Throughout the 1930s and 1940s, Suzy Frelinghuysen exhibited her work alongside that of her husband, George L.K. Morris, and fellow members of the American Abstract Artists (AAA) Albert E. Gallatin and Charles Green Shaw, at the Paul Reinhardt Gallery in New York. The group earned the informal title the “Park Avenue Cubists” due to their wealth and social standing. Exposed to many of the European avant-garde movements that Morris studied and collected, Frelinghuysen’s paintings demonstrate the influence of the synthetic cubism of Pablo Picasso, Georges Braque, and Juan Gris and are characterized by elegant, playful simplicity.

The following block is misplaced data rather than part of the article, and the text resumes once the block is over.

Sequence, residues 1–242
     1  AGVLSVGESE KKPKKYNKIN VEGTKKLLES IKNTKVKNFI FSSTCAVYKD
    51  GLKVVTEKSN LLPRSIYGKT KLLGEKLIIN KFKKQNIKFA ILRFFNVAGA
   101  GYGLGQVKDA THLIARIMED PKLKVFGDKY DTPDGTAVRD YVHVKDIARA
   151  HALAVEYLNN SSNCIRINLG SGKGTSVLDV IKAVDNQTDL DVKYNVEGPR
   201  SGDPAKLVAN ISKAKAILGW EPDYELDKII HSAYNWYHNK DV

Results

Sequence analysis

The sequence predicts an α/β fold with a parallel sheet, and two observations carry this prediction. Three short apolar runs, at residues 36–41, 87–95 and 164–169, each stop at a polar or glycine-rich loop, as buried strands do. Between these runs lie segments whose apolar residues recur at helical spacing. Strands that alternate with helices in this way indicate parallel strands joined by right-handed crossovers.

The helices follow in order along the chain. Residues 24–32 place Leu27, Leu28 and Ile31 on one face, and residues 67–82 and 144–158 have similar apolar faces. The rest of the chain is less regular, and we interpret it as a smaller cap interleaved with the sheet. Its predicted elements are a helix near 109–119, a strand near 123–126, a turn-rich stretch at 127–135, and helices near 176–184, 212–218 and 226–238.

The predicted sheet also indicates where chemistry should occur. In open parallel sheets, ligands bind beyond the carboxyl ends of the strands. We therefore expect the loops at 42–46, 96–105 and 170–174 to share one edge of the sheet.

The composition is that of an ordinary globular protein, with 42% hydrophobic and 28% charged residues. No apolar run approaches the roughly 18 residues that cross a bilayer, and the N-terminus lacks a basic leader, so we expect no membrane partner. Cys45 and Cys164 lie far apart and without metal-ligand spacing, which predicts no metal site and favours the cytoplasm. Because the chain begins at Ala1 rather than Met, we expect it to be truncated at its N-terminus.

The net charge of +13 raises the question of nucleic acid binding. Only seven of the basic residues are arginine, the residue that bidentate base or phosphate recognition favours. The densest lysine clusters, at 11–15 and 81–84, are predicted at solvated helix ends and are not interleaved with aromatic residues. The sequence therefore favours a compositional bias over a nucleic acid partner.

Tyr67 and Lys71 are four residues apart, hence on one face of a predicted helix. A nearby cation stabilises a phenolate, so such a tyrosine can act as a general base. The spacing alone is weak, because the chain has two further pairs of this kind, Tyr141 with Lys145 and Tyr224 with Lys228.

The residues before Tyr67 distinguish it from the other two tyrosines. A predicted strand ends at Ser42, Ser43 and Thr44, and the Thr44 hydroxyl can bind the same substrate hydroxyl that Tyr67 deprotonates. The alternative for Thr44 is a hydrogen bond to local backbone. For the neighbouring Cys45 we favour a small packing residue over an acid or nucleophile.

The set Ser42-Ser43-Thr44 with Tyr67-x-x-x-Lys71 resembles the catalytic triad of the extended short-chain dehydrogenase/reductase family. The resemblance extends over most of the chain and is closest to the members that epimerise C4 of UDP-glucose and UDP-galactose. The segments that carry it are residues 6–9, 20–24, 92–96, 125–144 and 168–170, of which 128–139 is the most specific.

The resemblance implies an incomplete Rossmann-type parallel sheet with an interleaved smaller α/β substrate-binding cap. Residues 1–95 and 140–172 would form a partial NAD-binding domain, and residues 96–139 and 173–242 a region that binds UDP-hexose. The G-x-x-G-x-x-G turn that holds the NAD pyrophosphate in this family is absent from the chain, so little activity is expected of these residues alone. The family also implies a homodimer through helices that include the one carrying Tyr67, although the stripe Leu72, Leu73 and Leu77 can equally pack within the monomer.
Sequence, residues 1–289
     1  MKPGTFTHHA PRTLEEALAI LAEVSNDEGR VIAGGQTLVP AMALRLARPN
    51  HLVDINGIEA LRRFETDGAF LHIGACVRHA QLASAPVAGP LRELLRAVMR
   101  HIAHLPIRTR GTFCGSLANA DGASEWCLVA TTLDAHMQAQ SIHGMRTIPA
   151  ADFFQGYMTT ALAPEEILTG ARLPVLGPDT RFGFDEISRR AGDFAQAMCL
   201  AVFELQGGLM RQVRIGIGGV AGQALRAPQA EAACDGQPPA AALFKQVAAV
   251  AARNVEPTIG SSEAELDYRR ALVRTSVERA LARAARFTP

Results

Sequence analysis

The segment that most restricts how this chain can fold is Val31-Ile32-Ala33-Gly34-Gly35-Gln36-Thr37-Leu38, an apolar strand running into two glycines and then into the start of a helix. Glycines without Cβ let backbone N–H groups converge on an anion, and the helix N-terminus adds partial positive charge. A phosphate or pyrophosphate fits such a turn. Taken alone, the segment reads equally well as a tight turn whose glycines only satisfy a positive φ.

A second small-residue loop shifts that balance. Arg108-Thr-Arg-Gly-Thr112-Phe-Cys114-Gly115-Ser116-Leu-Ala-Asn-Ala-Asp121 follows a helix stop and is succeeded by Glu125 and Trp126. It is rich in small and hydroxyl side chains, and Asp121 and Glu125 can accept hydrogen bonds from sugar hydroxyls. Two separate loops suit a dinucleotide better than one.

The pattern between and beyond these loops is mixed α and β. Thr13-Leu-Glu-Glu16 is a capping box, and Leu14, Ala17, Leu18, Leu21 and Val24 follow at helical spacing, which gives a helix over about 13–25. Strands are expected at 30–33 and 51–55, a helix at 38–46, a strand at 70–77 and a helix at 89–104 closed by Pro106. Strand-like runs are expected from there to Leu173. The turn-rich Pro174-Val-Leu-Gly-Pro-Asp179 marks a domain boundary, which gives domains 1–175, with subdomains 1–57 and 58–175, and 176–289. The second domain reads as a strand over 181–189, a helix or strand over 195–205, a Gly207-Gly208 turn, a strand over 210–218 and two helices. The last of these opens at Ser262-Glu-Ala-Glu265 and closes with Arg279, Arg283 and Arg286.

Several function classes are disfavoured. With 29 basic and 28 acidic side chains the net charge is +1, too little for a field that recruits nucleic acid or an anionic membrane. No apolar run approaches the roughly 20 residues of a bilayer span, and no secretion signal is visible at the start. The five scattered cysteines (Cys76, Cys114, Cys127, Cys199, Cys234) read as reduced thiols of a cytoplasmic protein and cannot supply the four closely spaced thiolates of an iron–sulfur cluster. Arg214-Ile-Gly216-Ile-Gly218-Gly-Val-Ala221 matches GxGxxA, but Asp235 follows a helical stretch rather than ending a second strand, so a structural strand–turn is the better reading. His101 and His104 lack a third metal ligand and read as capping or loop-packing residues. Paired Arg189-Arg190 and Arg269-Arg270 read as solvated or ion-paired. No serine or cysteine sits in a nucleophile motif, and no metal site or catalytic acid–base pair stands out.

In Evening Grosbeaks Set Record, Frelinghuysen’s papier collé is marked by interlocking linear forms. The collaged elements, fragmented pieces of the masthead of Audubon Magazine with the headline “Evening Grosbeaks Set Record,” are affixed to a book cover. Evening grosbeaks are big-billed finches native to North America. They originated in the Northwest, but now breed across the country to the east coast of New England. The adult males are black and yellow with a pronounced white spot in their wings and all three of these colors feature prominently in Frelinghuysen’s composition. In her choice of reference, Frelinghuysen highlights the uniquely American quality of her adaption of European synthetic cubism.